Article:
And here's the true and bitter irony of this: many of these people—and this is something unprovable, though there's ample evidence that it is true—are actually capable of the same level of...well, let's stick to 'gallantry' as Trooper Donaldson, though they're living in circumstances that will make it far less likely that they'll ever have to prove it. While others probably think they would be—and they're not likely to. This is usually the way of things.
Until we are tested, most of us will never know. Some of us have the good fortune to be tested and to survive and to make things better. Others will be tested and also make things better, but at the cost of their lives. And yet others will be tested, lose their lives and their sacrifice will be in vain. It appears to me that Trooper Donaldson is not only a gallant and brave soldier, but also a very, very lucky man.
As are we all—if only we saw this for what it is—because what happened demonstrates that gallantry need not end in tragedy, even though it often does.
On 02 September 2008, during the conduct of a fighting patrol, Trooper Donaldson was travelling in a combined Afghan, US and Australian vehicle convoy that was engaged by a numerically superior, entrenched and coordinated enemy ambush. The ambush was initiated by a high volume of sustained machine gunfire coupled with of rocket propelled grenades. Such was the effect of the initiation that the combined patrol suffered numerous casualties, completely lost the initiative and became immediately suppressed.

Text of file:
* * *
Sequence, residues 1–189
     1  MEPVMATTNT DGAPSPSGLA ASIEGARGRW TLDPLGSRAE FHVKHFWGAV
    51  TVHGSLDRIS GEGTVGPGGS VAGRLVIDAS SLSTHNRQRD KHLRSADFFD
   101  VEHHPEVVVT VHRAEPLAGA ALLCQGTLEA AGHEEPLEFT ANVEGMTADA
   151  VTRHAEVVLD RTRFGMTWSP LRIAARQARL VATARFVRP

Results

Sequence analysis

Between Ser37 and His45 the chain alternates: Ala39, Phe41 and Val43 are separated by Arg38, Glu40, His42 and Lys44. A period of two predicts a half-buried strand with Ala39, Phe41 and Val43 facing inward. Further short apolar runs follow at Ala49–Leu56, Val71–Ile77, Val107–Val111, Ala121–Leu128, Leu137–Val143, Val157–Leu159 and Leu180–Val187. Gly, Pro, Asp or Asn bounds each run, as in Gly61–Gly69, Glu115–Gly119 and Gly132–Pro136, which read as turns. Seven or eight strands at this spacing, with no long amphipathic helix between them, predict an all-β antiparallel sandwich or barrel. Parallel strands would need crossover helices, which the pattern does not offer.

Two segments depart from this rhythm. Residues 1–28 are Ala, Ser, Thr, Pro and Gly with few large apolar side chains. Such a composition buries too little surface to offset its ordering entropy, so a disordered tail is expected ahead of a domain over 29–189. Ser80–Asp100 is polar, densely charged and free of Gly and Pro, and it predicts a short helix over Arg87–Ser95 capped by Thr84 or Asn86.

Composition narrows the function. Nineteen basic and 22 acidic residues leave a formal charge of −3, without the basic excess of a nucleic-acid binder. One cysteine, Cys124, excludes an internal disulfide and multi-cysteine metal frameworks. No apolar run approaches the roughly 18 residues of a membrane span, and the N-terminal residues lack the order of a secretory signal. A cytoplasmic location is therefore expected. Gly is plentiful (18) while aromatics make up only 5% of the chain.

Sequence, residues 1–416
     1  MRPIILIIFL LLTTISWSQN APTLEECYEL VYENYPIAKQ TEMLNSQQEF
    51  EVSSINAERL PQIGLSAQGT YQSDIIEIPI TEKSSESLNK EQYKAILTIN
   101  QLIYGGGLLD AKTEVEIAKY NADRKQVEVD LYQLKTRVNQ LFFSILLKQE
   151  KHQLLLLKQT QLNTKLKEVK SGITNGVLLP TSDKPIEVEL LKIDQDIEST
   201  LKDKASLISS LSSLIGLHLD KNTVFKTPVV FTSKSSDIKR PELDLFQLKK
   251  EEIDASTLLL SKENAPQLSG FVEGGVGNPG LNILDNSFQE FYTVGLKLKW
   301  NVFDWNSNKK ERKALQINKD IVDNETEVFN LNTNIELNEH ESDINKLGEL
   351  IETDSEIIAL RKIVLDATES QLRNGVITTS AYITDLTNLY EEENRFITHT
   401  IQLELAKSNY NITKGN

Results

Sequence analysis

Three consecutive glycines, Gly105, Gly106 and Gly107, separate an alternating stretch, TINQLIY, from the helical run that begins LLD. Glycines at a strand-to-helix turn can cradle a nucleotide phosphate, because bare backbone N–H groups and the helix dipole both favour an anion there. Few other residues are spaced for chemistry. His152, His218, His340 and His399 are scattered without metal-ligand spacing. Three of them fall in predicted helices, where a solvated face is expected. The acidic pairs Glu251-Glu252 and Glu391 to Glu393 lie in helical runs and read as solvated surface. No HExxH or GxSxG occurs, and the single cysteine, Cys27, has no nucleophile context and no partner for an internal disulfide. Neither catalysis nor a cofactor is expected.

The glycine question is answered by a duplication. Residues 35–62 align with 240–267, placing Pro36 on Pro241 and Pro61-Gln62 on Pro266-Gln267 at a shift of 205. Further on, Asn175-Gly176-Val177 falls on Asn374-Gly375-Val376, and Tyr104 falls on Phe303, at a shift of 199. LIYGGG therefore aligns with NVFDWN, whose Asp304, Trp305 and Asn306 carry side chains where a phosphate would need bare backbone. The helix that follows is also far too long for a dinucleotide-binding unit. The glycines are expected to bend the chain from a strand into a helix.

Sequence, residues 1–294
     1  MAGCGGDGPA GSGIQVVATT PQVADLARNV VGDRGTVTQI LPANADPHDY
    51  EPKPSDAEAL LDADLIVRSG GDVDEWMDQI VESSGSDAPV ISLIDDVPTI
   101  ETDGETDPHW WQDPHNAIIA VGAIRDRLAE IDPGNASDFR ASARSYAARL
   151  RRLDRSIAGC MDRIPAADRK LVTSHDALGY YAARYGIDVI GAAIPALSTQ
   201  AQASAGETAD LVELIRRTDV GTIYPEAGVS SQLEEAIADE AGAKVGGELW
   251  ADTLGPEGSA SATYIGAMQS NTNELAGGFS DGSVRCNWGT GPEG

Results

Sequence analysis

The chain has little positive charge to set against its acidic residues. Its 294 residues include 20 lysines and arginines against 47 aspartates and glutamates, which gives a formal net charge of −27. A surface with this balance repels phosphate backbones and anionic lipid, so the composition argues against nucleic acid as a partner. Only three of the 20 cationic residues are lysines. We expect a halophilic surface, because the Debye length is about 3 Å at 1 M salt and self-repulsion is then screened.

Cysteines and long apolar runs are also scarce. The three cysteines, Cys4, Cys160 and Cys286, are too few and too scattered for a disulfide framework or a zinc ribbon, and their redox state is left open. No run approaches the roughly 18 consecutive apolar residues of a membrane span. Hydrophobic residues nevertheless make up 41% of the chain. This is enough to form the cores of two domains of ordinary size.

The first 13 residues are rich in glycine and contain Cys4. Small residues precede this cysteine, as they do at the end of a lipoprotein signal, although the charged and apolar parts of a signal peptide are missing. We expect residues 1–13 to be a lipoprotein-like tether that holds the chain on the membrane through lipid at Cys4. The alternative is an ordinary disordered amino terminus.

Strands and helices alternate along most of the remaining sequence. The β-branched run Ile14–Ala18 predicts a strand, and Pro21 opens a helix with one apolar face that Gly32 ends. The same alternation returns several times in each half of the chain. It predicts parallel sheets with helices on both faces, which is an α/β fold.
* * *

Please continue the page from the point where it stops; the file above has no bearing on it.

It was over two hours before the convoy was able to establish a clean break and move to an area free of enemy fire. In the early stages of the ambush, Trooper Donaldson reacted spontaneously to regain the initiative. He moved rapidly between alternate positions of cover engaging the enemy with 66mm and 84mm anti-amour weapons as well as his M4 rifle. During an early stage of the enemy ambush, he deliberately exposed himself to enemy fire in order to draw attention to himself and thus away from the wounded soldiers. This selfless act alone bought enough time for those wounded to be moved to relative safety. The patrol was forced to conduct numerous vehicle manoeuvres, under the intense enemy fire, over a distance of approximately four kilometres to extract the convoy from the engagement area.
Compounding the extraction was the fact that casualties had consumed all available space within the vehicles. Those who had not been wounded, including Trooper Donaldson, were left with no option but to run beside the vehicles throughout. During the conduct of this vehicle manoeuvre to extract the convoy from the engagement area, a severely wounded coalition force interpreter was inadvertently left behind. Of his own volition and displaying complete disregard for his own safety, Trooper Donaldson moved alone, on foot, across approximately 80 metres of exposed ground to recover the wounded interpreter. His movement, once identified by the enemy, drew intense and accurate machine gun fire from entrenched positions. Upon reaching the wounded coalition force interpreter, Trooper Donaldson picked him up and carried him back to the relative safety of the vehicles then provided immediate first aid before returning to the fight. On subsequent occasions during the battle, Trooper Donaldson administered medical care to other wounded soldiers, whilst continually engaging the enemy.
Trooper Donaldson's acts of exceptional gallantry in the face of accurate and sustained enemy fire ultimately saved the life of a coalition force interpreter and ensured the safety of the other members of the combined Afghan, US and Australian force. Trooper Donaldson's actions on this day displayed exceptional courage in circumstances of great peril.